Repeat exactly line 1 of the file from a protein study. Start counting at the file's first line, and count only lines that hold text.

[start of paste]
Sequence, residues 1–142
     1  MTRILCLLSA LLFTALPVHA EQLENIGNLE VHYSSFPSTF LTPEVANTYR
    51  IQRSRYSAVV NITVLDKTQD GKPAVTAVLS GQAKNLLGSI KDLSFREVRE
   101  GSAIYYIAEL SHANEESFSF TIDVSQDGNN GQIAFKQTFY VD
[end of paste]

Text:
Sequence, residues 1–142